Paterson NJ election fraud hearing postponed to March


PATERSON – Courts have postponed Thursday’s hearing scheduled for Thursday in the New Jersey Attorney General’s election fraud case against Paterson City Councilor Michael Jackson to March 16.

Jackson – who is running for mayor – said he believes the state is delaying the case so that the indictment against him stays in place and tarnishes his reputation when Paterson holds his election in May. The city councilor accused Gov. Phil Murphy’s administration of using criminal process to help his ally, the current mayor of Paterson, Andre Sayegh.

“The attorney general’s office has no interest in taking my case to justice,” Jackson said. “They have absolutely no evidence against me.”

Jackson predicted the charges would drop after the May election.

The attorney general’s office has given no response to Jackson’s claims. Court officials said the adjournment stemmed from a timeline set by the judge regarding pending legal motions in the case.

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Sayegh expressed confidence in the Attorney General’s handling of allegations of electoral fraud.

“We know the attorney general’s office is honorable in its pursuit of justice, especially when public trust has been betrayed,” the mayor said. “I am confident that the Attorney General’s office will continue to take all necessary steps to ensure the integrity of the election in Paterson.”

Meanwhile, New Jersey Superior Court Judge Sohail Mohammed is due to render a ruling next week on whether another city councilor indicted in the voter fraud case, Alex Mendez, can seek intervention before the trial. The attorney general’s office has already denied Mendez’s PTI request and appealed the decision to the judge.

If admitted to the PTI, Mendez could have the charges against him erased if he complies with the terms of the program. Mendez’s lawyer said he would only accept the PTI if conditions allowed him to stay on city council. Mendez is also running for mayor in May.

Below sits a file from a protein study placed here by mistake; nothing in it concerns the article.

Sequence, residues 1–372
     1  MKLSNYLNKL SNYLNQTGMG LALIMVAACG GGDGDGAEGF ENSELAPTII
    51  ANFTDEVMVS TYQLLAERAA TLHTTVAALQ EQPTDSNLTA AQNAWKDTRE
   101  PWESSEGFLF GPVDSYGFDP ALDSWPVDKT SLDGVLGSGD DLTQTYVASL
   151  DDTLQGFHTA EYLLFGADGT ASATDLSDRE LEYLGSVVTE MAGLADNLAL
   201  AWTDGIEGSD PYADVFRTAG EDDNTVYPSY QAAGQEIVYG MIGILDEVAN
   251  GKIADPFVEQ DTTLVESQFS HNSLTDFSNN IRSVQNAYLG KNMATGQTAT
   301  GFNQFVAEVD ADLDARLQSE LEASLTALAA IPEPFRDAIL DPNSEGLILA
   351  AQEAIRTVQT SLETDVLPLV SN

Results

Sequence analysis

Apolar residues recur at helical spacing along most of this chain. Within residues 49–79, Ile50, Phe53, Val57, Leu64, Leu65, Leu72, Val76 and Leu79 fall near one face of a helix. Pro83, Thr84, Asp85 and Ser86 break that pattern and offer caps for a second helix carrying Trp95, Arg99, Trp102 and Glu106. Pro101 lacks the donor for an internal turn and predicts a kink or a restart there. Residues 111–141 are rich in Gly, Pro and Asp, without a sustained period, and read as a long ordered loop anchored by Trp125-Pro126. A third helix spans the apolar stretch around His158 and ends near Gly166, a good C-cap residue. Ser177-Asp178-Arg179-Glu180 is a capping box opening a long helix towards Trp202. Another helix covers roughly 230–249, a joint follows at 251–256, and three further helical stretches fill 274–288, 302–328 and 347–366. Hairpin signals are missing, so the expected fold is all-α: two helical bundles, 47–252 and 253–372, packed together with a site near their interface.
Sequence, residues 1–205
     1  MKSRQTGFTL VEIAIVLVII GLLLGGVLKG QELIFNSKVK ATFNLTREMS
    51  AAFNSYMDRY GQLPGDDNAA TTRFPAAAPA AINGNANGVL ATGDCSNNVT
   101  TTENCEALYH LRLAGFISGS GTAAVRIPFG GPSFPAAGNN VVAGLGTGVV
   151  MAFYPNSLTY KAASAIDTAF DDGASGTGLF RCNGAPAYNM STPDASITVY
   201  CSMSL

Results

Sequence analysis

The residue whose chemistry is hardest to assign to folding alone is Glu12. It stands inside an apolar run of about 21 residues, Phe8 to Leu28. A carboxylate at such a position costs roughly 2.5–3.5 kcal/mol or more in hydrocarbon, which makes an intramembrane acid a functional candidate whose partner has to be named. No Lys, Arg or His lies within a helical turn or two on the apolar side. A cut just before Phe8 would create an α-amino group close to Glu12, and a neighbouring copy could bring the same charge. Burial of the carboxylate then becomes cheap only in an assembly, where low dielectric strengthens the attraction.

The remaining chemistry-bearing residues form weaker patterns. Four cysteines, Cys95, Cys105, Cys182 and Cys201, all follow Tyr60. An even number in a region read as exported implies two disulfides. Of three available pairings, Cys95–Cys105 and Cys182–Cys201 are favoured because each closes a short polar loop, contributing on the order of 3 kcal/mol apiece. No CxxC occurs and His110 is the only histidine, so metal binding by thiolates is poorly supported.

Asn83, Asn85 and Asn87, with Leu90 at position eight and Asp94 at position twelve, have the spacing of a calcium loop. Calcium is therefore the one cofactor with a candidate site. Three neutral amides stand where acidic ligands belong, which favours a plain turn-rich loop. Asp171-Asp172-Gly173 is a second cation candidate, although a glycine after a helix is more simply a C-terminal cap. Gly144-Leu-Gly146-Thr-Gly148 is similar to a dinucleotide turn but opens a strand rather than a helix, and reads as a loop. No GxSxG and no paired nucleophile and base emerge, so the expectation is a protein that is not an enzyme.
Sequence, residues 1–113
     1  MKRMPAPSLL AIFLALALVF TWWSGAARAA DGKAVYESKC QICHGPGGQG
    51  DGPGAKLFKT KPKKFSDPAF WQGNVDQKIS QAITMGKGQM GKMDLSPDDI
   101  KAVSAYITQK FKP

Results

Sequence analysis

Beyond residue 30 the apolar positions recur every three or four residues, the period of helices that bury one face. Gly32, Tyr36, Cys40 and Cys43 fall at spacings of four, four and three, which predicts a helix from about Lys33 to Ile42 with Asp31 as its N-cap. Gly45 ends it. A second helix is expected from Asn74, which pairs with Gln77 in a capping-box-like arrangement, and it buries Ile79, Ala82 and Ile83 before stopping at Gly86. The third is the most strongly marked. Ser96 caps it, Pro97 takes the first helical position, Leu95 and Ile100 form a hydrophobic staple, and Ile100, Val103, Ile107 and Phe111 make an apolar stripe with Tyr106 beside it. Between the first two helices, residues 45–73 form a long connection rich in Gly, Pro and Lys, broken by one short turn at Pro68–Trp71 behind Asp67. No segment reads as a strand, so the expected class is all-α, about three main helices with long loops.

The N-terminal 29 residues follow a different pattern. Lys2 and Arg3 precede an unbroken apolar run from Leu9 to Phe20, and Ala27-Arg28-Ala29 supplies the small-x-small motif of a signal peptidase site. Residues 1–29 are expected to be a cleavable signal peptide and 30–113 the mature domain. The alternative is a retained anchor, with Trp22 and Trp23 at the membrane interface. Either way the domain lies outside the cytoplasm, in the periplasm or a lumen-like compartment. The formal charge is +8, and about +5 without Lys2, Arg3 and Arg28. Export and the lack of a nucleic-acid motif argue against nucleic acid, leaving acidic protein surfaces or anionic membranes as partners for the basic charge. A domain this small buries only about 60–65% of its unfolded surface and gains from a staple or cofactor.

Paterson Press asked Sayegh if he was concerned that Jackson and Mendez came forward against him in May.

Sayegh said he took office shortly after a corruption scandal, a reference to the official misconduct conviction of former mayor Joey Torres. Sayegh said he had “restored integrity and stability to Town Hall”.

“We cannot allow individuals who did not accomplish anything significant during their tenure to bring our city back to a time of dysfunction and corruption,” said the mayor.

Neither Mendez nor his lawyer responded to messages seeking their comment on the story.

A February 2021 indictment charged Mendez with seven crimes: electoral fraud, postal ballot fraud, unauthorized possession of ballots, forgery of public documents, forgery or tampering of records, false registration and attempted forgery. registration.

The most serious charge – voter fraud – is a second degree offense carrying a maximum penalty of 10 years in prison. This charge is based on the allegation that Mendez registered someone to vote in Ward 3 even though he knew the person did not live in the electoral district.

Jackson, meanwhile, has been charged with five of the same criminal charges Mendez faces, except for the two counts of false recording. The voter fraud charge against Jackson accused him of submitting a completed mail-in ballot for someone while allegedly knowing that the voter had not made the candidate selection listed on the ballot.

Joe Malinconico is editor-in-chief of Paterson Press.

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